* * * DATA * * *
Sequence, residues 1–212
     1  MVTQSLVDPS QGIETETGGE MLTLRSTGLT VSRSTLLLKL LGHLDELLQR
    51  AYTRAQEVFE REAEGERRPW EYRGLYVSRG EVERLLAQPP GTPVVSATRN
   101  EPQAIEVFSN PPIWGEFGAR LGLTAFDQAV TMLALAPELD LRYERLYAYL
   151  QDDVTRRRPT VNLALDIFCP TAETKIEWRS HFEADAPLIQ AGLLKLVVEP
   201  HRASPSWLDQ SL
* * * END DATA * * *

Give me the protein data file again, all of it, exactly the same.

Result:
Sequence, residues 1–212
     1  MVTQSLVDPS QGIETETGGE MLTLRSTGLT VSRSTLLLKL LGHLDELLQR
    51  AYTRAQEVFE REAEGERRPW EYRGLYVSRG EVERLLAQPP GTPVVSATRN
   101  EPQAIEVFSN PPIWGEFGAR LGLTAFDQAV TMLALAPELD LRYERLYAYL
   151  QDDVTRRRPT VNLALDIFCP TAETKIEWRS HFEADAPLIQ AGLLKLVVEP
   201  HRASPSWLDQ SL